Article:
How Many Lawmakers Got The Coronavirus Or Self-Quarantined? Congress saw its first two members enter self-quarantine on March 8. Later that month, seven members tested positive or were presumed so and dozens more were quarantined. The ranks have since grown.
NPR logo How The Coronavirus Has Affected Individual Members Of Congress

How The Coronavirus Has Affected Individual Members Of Congress

The U.S. Capitol is seen on April 13. Al Drago/Bloomberg via Getty Images hide caption

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Al Drago/Bloomberg via Getty Images

The U.S. Capitol is seen on April 13.

Al Drago/Bloomberg via Getty Images

The coronavirus pandemic has brought much of the daily work of Congress to a halt.

House and Senate leaders delayed bringing back members for several weeks because of the outbreak and as public health guidelines recommended continued social distancing.

The Senate finally returned in May, but the much larger House stayed mostly away as a result of advice from the attending physician to Congress. The same month, the House approved historic rule changes allowing remote voting and hearings.

During the outbreak, the virus has infected several lawmakers and forced many more members to self-quarantine. Some have announced symptoms from their home districts. And it remains an ongoing threat.

Two Republican lawmakers, Texas Sen. Ted Cruz and Arizona Rep. Paul Gosar, were the first members of Congress to announce self-quarantines, on March 8. Both had attended the Conservative Political Action Conference in National Harbor, Md., a few days earlier. An attendant at the conference had fallen ill, its organizers revealed.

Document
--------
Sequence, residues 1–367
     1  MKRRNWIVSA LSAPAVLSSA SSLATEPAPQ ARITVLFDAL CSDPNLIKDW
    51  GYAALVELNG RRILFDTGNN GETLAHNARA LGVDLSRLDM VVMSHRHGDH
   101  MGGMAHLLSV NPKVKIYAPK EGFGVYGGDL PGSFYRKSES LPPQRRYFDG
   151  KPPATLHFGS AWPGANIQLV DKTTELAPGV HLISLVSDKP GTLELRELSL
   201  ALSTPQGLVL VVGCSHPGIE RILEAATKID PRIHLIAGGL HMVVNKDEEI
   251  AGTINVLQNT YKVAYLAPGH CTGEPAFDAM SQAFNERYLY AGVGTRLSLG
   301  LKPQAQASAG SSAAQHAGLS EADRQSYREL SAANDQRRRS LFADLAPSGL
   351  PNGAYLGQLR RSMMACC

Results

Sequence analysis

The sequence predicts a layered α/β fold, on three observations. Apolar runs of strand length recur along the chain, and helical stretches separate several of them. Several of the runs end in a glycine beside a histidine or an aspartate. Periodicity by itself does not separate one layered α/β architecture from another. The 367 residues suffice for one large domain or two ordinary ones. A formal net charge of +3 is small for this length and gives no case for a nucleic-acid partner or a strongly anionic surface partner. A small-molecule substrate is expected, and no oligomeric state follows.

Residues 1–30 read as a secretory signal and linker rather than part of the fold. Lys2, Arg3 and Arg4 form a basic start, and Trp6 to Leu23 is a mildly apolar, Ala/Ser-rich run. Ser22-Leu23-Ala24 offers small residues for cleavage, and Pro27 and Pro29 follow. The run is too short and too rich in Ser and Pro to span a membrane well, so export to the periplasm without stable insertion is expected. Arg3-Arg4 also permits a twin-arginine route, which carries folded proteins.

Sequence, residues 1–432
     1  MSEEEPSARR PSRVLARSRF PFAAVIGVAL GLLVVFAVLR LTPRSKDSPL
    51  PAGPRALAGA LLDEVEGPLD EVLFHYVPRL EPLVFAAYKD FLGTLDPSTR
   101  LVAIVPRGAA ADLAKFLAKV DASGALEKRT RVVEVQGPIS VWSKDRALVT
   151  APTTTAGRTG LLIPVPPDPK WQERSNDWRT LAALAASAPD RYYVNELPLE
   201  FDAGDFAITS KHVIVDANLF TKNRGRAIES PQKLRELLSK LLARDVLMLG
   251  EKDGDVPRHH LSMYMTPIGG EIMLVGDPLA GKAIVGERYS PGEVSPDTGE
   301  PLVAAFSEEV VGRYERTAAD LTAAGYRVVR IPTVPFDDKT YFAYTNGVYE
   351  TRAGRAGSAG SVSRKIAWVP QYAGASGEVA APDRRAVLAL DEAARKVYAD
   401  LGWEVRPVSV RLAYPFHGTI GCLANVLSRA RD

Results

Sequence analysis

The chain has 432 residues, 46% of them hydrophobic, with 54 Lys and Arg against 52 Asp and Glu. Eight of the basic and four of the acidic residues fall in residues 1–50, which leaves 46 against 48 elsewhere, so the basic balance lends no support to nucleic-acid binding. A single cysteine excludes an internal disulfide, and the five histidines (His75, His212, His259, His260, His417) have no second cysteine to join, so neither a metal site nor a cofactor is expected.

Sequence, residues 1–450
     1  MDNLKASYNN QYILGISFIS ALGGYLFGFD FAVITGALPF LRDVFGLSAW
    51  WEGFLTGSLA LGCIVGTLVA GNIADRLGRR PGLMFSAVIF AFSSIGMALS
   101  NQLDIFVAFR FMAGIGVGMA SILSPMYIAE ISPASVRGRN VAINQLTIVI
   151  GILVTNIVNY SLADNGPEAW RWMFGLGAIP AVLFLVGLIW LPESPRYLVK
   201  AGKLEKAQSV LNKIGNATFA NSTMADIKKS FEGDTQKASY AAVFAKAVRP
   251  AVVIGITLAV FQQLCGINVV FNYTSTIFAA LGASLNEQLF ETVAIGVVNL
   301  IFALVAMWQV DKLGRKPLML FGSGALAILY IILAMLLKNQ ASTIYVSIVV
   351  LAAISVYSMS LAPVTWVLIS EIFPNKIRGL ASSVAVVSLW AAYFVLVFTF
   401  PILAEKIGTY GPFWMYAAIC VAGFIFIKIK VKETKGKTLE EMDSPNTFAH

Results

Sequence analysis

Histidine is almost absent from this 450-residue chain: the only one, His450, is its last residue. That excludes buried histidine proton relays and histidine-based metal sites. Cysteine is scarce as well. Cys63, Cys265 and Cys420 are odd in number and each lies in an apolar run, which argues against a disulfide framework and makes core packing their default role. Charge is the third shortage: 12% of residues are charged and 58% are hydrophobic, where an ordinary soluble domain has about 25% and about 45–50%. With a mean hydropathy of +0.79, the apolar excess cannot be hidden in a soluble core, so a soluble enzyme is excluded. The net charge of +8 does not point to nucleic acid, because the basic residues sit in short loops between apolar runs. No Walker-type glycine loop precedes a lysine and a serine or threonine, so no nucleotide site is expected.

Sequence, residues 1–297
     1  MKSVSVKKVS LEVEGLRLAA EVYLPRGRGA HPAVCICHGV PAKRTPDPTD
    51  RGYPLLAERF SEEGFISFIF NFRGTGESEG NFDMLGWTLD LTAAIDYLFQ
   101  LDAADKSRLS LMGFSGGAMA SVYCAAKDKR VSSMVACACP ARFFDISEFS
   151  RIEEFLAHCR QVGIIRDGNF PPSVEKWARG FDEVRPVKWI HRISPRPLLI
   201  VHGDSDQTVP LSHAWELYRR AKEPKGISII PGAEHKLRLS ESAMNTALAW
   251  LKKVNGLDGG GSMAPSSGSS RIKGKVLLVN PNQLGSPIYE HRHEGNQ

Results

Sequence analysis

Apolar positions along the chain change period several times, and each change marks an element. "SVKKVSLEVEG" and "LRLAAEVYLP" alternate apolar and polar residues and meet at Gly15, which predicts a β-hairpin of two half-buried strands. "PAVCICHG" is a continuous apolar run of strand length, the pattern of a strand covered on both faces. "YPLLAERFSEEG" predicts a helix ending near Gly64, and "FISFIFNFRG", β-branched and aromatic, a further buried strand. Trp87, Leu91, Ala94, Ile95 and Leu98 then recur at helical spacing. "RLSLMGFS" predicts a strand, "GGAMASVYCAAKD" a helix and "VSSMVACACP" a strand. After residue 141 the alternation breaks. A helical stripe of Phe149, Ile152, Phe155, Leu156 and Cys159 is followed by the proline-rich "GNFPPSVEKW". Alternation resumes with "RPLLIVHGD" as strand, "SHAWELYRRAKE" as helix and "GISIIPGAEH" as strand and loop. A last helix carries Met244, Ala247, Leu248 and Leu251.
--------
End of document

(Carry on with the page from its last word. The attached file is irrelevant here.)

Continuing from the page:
The following week, two members of Congress were the first to announce they had tested positive for the illness. Florida Republican Rep. Mario Diaz-Balart and Utah Democratic Rep. Ben McAdams both said they developed symptoms after a March 14 vote on a coronavirus relief package.

Since that time, dozens more lawmakers have entered self-quarantine as a result of exposure to someone who was sick, including fellow members of Congress, constituents and dignitaries.

To stem the flow of cases, both chambers have issued new social distancing guidance, such as encouraging the use of masks. The U.S. Capitol remains closed to public tours and open only to members, staff, press and official business visitors.


This story was originally published on April 15, 2020.

Correction April 16, 2020

A previous version of this story incorrectly identified Rep. Joe Cunningham of South Carolina as a Republican. He is a Democrat.